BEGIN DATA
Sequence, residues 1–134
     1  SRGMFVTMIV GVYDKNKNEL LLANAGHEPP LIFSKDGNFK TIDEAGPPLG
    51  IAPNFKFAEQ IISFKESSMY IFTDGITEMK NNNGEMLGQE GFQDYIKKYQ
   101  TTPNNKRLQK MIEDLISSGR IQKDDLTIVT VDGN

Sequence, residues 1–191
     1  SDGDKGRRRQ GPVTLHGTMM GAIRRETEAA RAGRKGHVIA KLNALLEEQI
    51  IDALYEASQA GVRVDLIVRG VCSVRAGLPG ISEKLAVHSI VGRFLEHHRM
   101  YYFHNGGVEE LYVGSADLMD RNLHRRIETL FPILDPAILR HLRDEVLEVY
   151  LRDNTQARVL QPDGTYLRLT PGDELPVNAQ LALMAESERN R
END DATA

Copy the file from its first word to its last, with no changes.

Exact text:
Sequence, residues 1–134
     1  SRGMFVTMIV GVYDKNKNEL LLANAGHEPP LIFSKDGNFK TIDEAGPPLG
    51  IAPNFKFAEQ IISFKESSMY IFTDGITEMK NNNGEMLGQE GFQDYIKKYQ
   101  TTPNNKRLQK MIEDLISSGR IQKDDLTIVT VDGN

Sequence, residues 1–191
     1  SDGDKGRRRQ GPVTLHGTMM GAIRRETEAA RAGRKGHVIA KLNALLEEQI
    51  IDALYEASQA GVRVDLIVRG VCSVRAGLPG ISEKLAVHSI VGRFLEHHRM
   101  YYFHNGGVEE LYVGSADLMD RNLHRRIETL FPILDPAILR HLRDEVLEVY
   151  LRDNTQARVL QPDGTYLRLT PGDELPVNAQ LALMAESERN R